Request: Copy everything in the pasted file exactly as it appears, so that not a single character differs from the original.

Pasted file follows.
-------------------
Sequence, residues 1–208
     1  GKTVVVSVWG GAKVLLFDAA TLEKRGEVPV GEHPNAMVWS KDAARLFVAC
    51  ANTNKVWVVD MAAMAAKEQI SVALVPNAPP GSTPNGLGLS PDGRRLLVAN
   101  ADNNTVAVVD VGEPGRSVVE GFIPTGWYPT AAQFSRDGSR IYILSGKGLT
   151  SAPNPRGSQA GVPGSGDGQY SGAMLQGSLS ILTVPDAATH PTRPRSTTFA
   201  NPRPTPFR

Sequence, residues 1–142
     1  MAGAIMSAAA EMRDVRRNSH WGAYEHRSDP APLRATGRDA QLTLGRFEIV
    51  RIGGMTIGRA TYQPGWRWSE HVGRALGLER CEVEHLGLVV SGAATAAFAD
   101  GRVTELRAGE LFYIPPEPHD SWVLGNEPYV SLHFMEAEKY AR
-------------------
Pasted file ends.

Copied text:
Sequence, residues 1–208
     1  GKTVVVSVWG GAKVLLFDAA TLEKRGEVPV GEHPNAMVWS KDAARLFVAC
    51  ANTNKVWVVD MAAMAAKEQI SVALVPNAPP GSTPNGLGLS PDGRRLLVAN
   101  ADNNTVAVVD VGEPGRSVVE GFIPTGWYPT AAQFSRDGSR IYILSGKGLT
   151  SAPNPRGSQA GVPGSGDGQY SGAMLQGSLS ILTVPDAATH PTRPRSTTFA
   201  NPRPTPFR

Sequence, residues 1–142
     1  MAGAIMSAAA EMRDVRRNSH WGAYEHRSDP APLRATGRDA QLTLGRFEIV
    51  RIGGMTIGRA TYQPGWRWSE HVGRALGLER CEVEHLGLVV SGAATAAFAD
   101  GRVTELRAGE LFYIPPEPHD SWVLGNEPYV SLHFMEAEKY AR